Age Differences in Speech Motor Performance on a Novel Speech Task PurposeThe study was aimed at characterizing age-related changes in speech motor performance on a nonword repetition task as a function of practice and nonword length and complexity.MethodNonword repetition accuracy, lip aperture coordination, and nonword production durations were assessed on 2 consecutive days for 16 young and 16 elderly participants for ... Article
Article  |   October 01, 2013
Age Differences in Speech Motor Performance on a Novel Speech Task
 
Author Affiliations & Notes
  • Neeraja Sadagopan
    University of Colorado, Boulder
  • Anne Smith
    Purdue University, West Lafayette, Indiana
  • Correspondence to Neeraja Sadagopan: Neeraja.Sadagopan@colorado.edu
  • Editor: Jody Kreiman
    Editor: Jody Kreiman×
  • Associate Editor: Julie Liss
    Associate Editor: Julie Liss×
Article Information
Special Populations / Older Adults & Aging / Speech, Voice & Prosody / Speech
Article   |   October 01, 2013
Age Differences in Speech Motor Performance on a Novel Speech Task
Journal of Speech, Language, and Hearing Research, October 2013, Vol. 56, 1552-1566. doi:10.1044/1092-4388(2013/12-0293)
History: Received September 10, 2012 , Revised February 22, 2013 , Accepted February 26, 2013
 
Journal of Speech, Language, and Hearing Research, October 2013, Vol. 56, 1552-1566. doi:10.1044/1092-4388(2013/12-0293)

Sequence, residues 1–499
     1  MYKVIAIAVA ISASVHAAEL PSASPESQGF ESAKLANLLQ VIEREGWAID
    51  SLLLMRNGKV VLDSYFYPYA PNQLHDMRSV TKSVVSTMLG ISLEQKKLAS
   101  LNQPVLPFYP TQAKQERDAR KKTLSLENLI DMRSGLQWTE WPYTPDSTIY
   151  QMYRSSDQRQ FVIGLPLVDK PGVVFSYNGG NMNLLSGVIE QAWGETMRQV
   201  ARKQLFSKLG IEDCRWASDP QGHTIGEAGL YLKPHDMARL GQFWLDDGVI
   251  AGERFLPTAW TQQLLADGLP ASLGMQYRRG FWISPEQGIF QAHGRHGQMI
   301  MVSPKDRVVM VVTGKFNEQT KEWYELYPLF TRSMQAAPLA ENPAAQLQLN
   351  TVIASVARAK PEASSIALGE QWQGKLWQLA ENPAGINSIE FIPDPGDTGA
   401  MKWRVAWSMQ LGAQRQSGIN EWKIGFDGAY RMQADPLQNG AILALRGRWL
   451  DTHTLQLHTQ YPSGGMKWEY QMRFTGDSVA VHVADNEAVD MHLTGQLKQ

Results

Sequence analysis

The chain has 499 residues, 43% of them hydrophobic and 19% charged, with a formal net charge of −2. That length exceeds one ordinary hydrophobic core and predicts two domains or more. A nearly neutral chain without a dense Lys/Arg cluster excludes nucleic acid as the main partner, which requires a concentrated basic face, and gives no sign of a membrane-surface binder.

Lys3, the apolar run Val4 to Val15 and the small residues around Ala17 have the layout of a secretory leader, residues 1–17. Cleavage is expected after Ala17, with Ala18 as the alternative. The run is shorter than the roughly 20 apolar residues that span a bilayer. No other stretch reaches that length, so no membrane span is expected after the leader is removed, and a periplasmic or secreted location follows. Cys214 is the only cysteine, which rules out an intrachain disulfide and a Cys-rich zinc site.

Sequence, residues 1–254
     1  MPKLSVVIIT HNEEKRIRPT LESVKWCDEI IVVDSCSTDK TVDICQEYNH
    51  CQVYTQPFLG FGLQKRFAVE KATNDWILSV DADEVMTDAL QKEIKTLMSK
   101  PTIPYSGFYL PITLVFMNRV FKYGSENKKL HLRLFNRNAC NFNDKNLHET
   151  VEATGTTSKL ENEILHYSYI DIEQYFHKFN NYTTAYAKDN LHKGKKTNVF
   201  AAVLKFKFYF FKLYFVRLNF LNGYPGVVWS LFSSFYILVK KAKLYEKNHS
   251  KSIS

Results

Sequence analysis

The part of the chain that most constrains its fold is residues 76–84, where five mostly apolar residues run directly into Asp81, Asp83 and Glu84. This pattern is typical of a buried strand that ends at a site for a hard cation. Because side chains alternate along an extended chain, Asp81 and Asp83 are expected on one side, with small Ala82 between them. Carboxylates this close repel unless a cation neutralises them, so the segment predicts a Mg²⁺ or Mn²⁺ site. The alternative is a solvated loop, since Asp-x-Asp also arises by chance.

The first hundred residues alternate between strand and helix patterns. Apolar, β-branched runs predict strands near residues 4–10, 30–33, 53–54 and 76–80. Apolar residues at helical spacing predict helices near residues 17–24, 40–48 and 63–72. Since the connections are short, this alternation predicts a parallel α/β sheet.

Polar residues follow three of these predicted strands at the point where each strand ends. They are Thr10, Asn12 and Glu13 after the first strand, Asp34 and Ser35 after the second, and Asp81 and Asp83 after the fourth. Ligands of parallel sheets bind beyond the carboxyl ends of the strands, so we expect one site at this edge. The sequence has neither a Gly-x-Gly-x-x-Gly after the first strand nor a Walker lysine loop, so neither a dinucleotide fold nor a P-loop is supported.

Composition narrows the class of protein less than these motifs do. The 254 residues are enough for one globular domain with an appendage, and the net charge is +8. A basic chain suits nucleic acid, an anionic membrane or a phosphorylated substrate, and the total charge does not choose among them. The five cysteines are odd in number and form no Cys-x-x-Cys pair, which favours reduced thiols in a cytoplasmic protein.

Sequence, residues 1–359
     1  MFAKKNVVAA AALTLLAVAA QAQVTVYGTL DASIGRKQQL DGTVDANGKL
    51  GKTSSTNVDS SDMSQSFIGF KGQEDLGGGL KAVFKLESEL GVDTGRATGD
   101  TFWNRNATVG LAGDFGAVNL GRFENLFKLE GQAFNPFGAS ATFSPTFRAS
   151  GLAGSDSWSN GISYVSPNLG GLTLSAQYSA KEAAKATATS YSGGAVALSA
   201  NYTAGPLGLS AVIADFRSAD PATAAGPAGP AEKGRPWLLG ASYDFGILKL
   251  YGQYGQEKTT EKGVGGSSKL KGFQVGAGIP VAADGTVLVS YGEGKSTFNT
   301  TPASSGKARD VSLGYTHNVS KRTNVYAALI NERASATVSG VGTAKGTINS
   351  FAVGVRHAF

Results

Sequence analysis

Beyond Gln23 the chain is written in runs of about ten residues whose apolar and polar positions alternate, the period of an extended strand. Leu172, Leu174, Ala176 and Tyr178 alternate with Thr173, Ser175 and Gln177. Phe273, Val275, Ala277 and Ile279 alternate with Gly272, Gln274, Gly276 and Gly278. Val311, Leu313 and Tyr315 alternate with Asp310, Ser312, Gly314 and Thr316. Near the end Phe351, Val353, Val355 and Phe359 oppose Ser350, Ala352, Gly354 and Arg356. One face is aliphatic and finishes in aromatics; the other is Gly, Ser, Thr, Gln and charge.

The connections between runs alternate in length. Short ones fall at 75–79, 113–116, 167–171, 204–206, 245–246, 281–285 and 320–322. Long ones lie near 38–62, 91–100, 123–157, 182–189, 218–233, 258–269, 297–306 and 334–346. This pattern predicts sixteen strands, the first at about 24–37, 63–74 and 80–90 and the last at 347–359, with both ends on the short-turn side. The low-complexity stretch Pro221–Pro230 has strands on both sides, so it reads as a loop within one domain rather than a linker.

History: Received September 10, 2012; Revised February 22, 2013; Accepted February 26, 2013
Web of Science® Times Cited: 13

PurposeThe study was aimed at characterizing age-related changes in speech motor performance on a nonword repetition task as a function of practice and nonword length and complexity.

MethodNonword repetition accuracy, lip aperture coordination, and nonword production durations were assessed on 2 consecutive days for 16 young and 16 elderly participants for the production of 6 novel nonwords increasing in length and complexity.

ResultsThe effect of age on the ability to accurately and rapidly repeat long, complex nonwords was significant. However, the authors found no differences between the speech motor coordinative patterns of young and elderly adults. Further, the authors demonstrated age- and nonword-specific within- and between-session gains in speech motor performance.

ConclusionsThe authors speculate that cognitive, sensory, and motor factors interact in complex ways in elderly individuals to produce individual differences in nonword repetition ability at the levels of both behavioral and speech motor performance.

Acknowledgments
This article is based on a dissertation submitted by the first author in partial fulfillment of the requirements for the degree of Doctor of Philosophy in Speech, Language, and Hearing Sciences from Purdue University, West Lafayette, LA. We would like to acknowledge the input of Jessica Huber, Chris Weber-Fox, and Howard Zelaznik. We are grateful to Janna Berlin and Jayanthi Sasisekaran for their help with data collection. Portions of these data were previously presented at the American Speech-Language-Hearing Association's Annual Convention in New Orleans, LA (November 2009), and at the Fifteenth Biennial International Conference on Motor Speech in Savannah, GA (March 2010).
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